The problem lies in many areas, but for a variable, especially a short term fixed ARM, it is truly misleading. Right now, when we have short term ARMs in the 4% and 5% range, one would think they could get a fairly good reading. Generally, short term and long term rates work on an almost flat interest rate curve, however, it is currently very steep. The one year LIBOR rate is 1.6%. Most variable rate mortgages, but not all, are tied to this index because it is international. After the fixed period, the mortgage loan becomes an adjustable which can adjust one or two times a year in most cases. There is a margin, short for profit margin, that the lender adds to the index rate for your interest rate. Most margins are in the 2% range, so if we use 2.5% and add it to the 1.6%, the new interest rate, if the loan was adjusting today, would be 4.1%. We cannot predict where this is going, we must use today's reset interest rate for the rest of the term of the loan. If you had a 5 year fixed loan and it amortized for 30 years, you would have 25 years of a variable loan left. If your initial rate was 5.1% fixed for 5 years and the adjustment rate is 4.1% as I stated above, the A.P.R. for the entire 30 year loan, setting closing costs aside for this example, is 4.26% (5 years @ 5.1% and 25 years at 4.1%). Confusion by the borrowers is expected and is definitely there to be seen by anyone with 20/400 vision or better!
The most practical use for the A.P.R. in home financing is determining how large the closing costs are, including the points being charged on a fixed rate loan. Many lenders advertise their rates and follow them with an A.P.R. but fail to tell the borrower how many points, if any, are being charged. You can tell because the spread between a fixed interest rate and an A.P.R. is usually about .1% to .125%. When points are added, the A.P.R. can get as high as .2% or more on a conforming loan.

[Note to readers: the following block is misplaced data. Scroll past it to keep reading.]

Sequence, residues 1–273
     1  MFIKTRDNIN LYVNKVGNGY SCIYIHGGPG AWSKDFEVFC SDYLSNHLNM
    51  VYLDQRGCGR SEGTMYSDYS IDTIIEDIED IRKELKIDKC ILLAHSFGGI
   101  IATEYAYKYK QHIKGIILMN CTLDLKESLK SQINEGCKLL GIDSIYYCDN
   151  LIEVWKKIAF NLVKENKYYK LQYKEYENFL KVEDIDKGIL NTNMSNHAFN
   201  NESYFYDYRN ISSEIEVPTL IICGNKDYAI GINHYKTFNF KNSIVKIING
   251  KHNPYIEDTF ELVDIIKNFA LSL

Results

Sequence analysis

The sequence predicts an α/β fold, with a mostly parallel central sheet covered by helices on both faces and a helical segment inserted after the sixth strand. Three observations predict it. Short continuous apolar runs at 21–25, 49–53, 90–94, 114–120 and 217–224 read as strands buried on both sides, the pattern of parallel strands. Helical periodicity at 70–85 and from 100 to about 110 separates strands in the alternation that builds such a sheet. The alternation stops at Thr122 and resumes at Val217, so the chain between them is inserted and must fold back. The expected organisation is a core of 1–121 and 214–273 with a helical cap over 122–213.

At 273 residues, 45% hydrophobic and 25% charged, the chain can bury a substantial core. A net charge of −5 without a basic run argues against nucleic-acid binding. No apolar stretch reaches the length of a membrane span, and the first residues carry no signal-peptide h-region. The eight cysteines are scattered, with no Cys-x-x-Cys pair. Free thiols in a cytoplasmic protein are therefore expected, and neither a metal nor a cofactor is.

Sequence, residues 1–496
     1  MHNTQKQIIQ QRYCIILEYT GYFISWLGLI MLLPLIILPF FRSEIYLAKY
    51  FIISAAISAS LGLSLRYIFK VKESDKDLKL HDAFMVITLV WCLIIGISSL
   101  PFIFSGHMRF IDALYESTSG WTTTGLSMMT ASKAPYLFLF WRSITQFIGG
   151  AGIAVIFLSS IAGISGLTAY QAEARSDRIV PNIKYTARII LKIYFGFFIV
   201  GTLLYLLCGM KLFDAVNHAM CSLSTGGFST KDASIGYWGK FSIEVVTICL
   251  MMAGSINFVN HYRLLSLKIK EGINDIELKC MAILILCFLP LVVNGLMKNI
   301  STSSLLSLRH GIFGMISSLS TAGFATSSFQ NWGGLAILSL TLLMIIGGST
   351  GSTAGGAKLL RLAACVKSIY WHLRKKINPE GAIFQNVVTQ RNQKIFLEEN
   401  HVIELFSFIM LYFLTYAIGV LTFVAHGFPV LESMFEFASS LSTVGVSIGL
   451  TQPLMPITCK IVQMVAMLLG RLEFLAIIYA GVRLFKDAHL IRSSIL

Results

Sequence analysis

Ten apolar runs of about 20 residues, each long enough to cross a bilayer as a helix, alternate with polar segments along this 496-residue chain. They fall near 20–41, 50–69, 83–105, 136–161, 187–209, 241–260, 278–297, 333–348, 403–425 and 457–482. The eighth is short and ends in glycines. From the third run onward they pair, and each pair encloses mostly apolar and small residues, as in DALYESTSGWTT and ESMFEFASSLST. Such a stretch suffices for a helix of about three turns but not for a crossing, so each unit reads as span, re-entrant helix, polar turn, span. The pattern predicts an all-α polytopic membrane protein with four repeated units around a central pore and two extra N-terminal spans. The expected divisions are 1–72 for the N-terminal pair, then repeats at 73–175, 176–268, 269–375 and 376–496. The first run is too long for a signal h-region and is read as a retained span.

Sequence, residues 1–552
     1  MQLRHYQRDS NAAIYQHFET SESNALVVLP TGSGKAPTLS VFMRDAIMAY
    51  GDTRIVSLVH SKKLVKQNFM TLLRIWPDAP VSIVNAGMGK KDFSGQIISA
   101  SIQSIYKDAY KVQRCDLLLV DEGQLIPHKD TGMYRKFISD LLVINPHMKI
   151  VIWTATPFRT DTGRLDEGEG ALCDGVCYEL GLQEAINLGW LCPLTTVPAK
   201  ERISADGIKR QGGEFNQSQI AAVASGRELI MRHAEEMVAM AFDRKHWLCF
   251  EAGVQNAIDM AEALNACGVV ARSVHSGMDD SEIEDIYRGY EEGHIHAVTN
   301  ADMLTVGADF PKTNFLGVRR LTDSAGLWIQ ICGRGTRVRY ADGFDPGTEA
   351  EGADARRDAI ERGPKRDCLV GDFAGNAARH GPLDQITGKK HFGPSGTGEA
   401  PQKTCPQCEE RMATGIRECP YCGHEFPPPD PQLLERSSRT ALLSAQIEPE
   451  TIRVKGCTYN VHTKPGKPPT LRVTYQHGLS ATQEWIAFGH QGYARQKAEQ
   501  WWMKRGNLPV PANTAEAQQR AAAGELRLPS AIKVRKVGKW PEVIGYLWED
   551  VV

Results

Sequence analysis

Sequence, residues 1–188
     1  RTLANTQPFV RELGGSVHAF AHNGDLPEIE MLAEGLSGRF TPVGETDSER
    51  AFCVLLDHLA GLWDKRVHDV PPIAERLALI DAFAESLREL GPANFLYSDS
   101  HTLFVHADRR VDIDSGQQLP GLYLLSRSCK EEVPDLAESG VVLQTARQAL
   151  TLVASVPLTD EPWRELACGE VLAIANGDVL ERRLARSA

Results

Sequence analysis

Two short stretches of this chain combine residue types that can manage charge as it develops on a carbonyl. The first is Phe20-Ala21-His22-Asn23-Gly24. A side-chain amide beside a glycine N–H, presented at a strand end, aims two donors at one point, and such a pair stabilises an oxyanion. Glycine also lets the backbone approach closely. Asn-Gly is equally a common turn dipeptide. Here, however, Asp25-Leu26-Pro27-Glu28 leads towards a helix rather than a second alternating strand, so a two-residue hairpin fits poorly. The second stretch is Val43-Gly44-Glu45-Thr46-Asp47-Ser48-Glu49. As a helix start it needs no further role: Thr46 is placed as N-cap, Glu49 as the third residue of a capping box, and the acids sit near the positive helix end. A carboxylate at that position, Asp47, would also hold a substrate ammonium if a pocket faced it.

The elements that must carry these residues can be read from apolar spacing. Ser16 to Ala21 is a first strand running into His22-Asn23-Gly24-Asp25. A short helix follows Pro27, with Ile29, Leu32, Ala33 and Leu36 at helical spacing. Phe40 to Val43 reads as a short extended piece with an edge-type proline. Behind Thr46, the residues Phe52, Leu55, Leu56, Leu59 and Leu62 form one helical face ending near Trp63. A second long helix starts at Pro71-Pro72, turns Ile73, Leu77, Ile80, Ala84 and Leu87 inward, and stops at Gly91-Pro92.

Another problem that arises in using the A.P.R. for guidance when looking for a mortgage is that not everyone measures it the same way. I have seen brokers include property taxes when figuring the cost of the loan and I am sure that prepaid interest has shown up at times. The whole thing is an exercise in nonsense. If you are going to get a 5% rate, your payments will be figured at 5% even though the A.P.R. is 5.126%. What did you gain by knowing the A.P.R was 5.126%? Many people generally tell me their A.P.R. and can't remember their actual rate.
In the mortgage industry, whenever you apply for a loan you get a Truth in Lending Statement and a Good Faith Estimate of Costs. With the new rules in the industry, your final costs have to mirror this Good Faith Estimate of Costs, and being that is what everyone is concerned about, why must we bother with the A.P.R.? I believe it is another one of the "sacred cows " I have talked about in earlier articles that are there because no one knows who set them up, and everyone is afraid to stop sending this out for fear of the unknown. Realize the government sets these rules up. Government is the owner of Fannie Mae and Freddie Mac, never hesitate to talk about an interest rate without an A.P.R. In December of last year they said interest rates on home mortgages have to come down into the 4% range. Where was their A.P.R.? In loan modification, you have hear the President talk about 2% for those who could only make the payments work at that interest rate. What A.P.R., please? I guess what is good for us isn't important to them. What a surprise!
As we have seen in so many other examples, the government makes rules, sometimes laws, and never worries about the consequences. As an example I certainly can bring up the A.P.R. on a short term fixed variable loan as I did above. Do you think those who we know will be screaming when their adjustment turns out to be higher than the fixed rate, when the A.P.R. was lower, have anything to gripe about? I am not a big fan of gripers or griping itself, but this time they just may have a point.